The Giant Wagstaff CD Listening Project Thread

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Re: The Giant Wagstaff CD Listening Project Thread

Postby Kenneth Burns » Mon Mar 17, 2014 4:12 pm

minicat wrote:CHER SUPERPAK!

I never expected the Superpak to be so uniquely terrible. It's not even possible to enjoy it ironically. It's awful. Not counting "I Wasn't Ready," a good song that was co-written by Dr. John.

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Re: The Giant Wagstaff CD Listening Project Thread

Postby chainsawcurtis » Mon Mar 17, 2014 4:13 pm

scratch wrote:OTOH I wouldn't be surprised to find myself the only Was (Not Was) fan on this august forum.


Not so, grasshopper. Woodwork squeaks and out come the freaks.

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Re: The Giant Wagstaff CD Listening Project Thread

Postby minicat » Tue Mar 18, 2014 9:00 am

scratch wrote:
Prof. Wagstaff wrote:
minicat wrote:Also: Mel Torme SUUUUUUUUUUUUUUUUUUUUCKS.
Yeah. He really does. Supa's longstanding love of the Velvet Fog is one of the greatest mysteries life has ever presented me. Less interesting to me than Tony Bennett, who interests me not at all.


Have you heard his guest appearance on the song "Zaz Turned Blue" from Was (Not Was)' Born to Laugh at Tornadoes? He sings the lead and his vocals fit right in with the song and the album-- so well that it moderated my previous dislike of Mel. I used to work with a guy who considered himself quite the jazz buff and he really liked Torme. Other than his turn with the Was Bros I can't think of a song of his I like, though now they all remind me of "Zaz" and Was (Not Was).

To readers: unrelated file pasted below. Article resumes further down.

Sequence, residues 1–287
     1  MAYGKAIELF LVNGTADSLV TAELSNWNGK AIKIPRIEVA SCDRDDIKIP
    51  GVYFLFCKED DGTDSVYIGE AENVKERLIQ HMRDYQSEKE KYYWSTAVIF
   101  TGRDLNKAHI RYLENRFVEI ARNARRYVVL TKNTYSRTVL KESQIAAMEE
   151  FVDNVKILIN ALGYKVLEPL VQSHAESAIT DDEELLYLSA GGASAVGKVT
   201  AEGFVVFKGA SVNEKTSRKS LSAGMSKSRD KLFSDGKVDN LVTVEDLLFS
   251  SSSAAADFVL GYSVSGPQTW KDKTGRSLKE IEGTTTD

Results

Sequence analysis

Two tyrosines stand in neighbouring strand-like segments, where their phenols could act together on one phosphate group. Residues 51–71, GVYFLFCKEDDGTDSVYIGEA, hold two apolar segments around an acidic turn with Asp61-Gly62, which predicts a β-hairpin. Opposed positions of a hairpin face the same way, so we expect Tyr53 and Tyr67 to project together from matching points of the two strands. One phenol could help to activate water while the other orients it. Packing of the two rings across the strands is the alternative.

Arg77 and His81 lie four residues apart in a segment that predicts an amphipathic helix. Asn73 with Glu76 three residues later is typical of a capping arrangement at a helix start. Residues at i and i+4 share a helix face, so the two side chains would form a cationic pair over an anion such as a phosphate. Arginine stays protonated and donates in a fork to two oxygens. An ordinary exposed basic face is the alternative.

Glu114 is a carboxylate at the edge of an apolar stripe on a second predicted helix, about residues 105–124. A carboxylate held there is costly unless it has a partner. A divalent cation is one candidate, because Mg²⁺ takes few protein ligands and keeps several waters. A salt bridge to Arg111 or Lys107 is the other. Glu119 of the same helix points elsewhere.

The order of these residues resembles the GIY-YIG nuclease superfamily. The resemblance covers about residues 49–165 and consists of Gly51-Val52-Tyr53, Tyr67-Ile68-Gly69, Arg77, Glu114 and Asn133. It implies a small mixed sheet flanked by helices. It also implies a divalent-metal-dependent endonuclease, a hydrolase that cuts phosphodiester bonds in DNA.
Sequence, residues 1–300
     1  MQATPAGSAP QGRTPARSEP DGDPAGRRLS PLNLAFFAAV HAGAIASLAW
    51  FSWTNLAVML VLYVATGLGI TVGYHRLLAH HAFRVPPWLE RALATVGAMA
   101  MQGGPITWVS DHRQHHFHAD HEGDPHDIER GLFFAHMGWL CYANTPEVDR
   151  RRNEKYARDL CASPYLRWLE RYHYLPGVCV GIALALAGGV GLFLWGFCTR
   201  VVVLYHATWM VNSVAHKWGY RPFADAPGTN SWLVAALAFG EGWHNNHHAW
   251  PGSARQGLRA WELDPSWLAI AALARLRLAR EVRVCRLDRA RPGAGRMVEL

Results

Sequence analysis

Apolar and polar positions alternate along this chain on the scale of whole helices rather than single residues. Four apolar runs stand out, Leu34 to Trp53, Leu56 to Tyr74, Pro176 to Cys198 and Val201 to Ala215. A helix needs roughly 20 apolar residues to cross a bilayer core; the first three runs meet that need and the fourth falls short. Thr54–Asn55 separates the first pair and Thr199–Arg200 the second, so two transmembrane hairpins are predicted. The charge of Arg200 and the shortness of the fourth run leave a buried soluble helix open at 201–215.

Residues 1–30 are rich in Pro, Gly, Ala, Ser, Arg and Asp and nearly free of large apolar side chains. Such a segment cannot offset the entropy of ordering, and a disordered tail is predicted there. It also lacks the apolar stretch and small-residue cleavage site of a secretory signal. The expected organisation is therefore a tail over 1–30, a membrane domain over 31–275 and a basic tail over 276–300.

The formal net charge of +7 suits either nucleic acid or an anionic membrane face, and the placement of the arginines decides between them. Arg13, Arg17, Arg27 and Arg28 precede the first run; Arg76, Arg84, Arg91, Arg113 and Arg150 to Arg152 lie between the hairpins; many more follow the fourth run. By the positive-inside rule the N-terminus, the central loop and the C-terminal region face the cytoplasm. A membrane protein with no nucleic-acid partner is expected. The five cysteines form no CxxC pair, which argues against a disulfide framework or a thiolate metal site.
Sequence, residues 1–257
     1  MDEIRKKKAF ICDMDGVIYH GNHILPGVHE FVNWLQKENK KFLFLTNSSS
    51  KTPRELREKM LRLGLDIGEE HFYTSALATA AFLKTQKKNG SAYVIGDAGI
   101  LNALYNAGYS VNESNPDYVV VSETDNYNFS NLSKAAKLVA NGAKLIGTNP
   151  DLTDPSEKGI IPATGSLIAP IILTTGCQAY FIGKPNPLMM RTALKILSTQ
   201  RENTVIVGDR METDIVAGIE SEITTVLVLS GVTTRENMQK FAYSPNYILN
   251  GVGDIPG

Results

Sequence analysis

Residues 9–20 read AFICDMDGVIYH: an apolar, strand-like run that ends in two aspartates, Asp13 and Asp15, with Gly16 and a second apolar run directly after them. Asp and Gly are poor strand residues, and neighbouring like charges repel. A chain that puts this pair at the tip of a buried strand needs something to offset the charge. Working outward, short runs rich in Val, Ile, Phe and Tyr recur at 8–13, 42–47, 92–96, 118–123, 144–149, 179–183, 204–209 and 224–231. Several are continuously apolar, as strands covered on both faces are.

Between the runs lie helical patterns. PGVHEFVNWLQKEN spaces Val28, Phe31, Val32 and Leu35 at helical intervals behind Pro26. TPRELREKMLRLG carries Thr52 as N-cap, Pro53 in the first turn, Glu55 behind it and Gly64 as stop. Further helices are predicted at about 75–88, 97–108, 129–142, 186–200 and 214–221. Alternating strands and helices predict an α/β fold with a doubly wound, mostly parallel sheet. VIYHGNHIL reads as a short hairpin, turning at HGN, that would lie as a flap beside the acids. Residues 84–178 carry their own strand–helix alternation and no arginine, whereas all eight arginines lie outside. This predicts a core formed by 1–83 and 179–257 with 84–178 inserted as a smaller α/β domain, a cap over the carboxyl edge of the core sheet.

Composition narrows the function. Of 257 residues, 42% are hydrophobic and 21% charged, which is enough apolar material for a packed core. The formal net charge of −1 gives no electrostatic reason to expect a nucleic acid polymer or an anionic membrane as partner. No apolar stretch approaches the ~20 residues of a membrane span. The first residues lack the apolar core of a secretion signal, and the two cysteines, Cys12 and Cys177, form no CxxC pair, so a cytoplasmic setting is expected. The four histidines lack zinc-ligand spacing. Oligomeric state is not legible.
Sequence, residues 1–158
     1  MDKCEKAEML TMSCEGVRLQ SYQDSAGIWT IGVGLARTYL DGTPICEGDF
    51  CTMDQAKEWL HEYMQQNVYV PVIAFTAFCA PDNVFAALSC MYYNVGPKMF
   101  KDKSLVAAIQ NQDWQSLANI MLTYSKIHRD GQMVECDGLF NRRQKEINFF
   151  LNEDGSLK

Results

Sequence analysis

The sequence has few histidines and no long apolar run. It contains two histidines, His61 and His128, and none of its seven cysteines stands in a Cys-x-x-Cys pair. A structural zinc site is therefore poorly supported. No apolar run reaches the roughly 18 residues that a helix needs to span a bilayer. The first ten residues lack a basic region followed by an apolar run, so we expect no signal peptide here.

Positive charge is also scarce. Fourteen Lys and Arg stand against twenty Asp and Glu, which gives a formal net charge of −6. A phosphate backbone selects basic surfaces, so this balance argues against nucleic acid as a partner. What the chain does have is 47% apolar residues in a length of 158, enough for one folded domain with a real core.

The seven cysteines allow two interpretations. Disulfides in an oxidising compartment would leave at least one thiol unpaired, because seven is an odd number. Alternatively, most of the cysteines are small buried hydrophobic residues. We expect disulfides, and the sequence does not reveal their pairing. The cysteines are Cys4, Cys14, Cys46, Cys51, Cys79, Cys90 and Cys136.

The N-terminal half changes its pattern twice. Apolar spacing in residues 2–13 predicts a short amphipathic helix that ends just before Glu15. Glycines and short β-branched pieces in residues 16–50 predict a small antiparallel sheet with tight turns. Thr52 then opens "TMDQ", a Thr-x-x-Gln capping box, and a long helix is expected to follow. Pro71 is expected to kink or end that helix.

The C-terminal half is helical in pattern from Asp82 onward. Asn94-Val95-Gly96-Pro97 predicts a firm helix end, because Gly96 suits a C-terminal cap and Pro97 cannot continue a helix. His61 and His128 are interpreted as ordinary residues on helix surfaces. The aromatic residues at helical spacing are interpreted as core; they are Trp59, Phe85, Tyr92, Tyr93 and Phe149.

OTOH I wouldn't be surprised to find myself the only Was (Not Was) fan on this august forum. Mitch Ryder ("Bow Wow Wow Wow") and Ozzy Osbourne ("Shake Your Head") also do guest lead vocals on that album. Something for everyone.


I've never picked that up. I will next time I see it, W (NW) is always interesting, though for me mostly a band I can appreciate as genius but not my thing musically (too synthy-keyboardy-80sy, at least the ones I've heard).

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Re: The Giant Wagstaff CD Listening Project Thread

Postby minicat » Tue Mar 18, 2014 9:09 am

Kenneth Burns wrote:
minicat wrote:CHER SUPERPAK!

I never expected the Superpak to be so uniquely terrible. It's not even possible to enjoy it ironically. It's awful. Not counting "I Wasn't Ready," a good song that was co-written by Dr. John.


Volume 1 has a better track lineup than 2. However, the early Cher is better experienced as the original albums, because they make more sense musically in context rather than jumbled up. The first LP is really solid folk-rock. Her Muscle Shoals LP was a disappointment.

This is the kind of useless knowledge gleaned from buying dollar bin records.

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Re: The Giant Wagstaff CD Listening Project Thread

Postby Kenneth Burns » Sun Mar 23, 2014 7:56 am

minicat wrote:Wait until you get to side three of CTA.

Oh dear lord. What a waste of vinyl. Reminds me of disc three from "All Things Must Pass." There is concise, good-quality pop music on the first LP, and then depression sets in. The fact that the free-form guitar wankery has the title "Free Form Guitar" is either the worst or the most brilliant thing about it.

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Re: The Giant Wagstaff CD Listening Project Thread